"They resorted to arson, racist ranting and vigilantism. They engaged in ethnic feuding, formed block associations and crime patrols, and tried civil disobedience to halt busing. They fashioned new concepts of racial pride, middle-class pride and ethnic pride…And they voted, sometimes with feet, at other times with fists, but especially by deserting the Democratic party, smiling upon the Republican party, and chasing after third parties" (173).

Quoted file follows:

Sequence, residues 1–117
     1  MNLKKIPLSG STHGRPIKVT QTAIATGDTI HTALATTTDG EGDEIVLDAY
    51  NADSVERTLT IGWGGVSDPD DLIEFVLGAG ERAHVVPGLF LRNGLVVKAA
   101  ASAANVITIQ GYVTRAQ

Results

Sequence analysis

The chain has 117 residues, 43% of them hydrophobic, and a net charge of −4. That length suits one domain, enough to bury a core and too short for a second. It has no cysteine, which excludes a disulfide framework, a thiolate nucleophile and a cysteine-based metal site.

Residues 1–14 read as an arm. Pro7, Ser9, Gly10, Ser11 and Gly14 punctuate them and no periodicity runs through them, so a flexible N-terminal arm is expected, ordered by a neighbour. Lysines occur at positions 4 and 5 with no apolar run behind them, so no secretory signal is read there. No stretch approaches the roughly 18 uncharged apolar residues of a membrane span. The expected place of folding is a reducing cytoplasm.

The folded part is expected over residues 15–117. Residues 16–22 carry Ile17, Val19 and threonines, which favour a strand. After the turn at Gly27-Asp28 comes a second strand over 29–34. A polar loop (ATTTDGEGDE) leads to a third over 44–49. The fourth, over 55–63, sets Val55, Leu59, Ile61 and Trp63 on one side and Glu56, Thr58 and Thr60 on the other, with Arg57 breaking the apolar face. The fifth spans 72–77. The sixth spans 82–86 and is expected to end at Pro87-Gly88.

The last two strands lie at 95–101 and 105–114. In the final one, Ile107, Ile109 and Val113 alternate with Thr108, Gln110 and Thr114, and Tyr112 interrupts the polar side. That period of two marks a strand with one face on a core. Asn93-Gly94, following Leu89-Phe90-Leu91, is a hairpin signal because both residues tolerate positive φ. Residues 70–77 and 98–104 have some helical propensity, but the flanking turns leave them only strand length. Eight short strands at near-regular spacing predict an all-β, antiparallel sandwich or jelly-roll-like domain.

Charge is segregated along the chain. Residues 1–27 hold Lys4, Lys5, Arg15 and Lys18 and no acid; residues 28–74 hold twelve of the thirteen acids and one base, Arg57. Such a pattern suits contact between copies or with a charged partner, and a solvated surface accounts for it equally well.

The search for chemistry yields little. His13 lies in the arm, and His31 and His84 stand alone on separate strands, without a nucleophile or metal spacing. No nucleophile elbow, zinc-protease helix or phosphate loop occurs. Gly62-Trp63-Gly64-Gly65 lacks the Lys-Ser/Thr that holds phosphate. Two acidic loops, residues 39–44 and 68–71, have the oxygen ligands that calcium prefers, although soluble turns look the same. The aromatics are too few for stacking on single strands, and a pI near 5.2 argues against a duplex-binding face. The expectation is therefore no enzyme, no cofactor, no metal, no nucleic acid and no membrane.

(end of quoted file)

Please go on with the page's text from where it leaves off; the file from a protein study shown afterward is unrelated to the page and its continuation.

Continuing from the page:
Rieder berates Canarsians for abandoning the Democratic Party while simultaneously justifying their switch to conservatism. They didn't desert the Democratic Party like Rieder contends; the party deserted them. In their eyes, the government was now catering to the needs of minorities and the poor with such liberal reforms as affirmative action and welfare while they struggled to eke out a meager existence to preserve their harmonious and safe neighborhood. The community of Canarsie, desperate to cling to the traditions of the past and maintain the safe haven they worked hard to achieve, felt betrayed by liberalism and thus gave their loyalties to the party whom they believed would best protect their interests.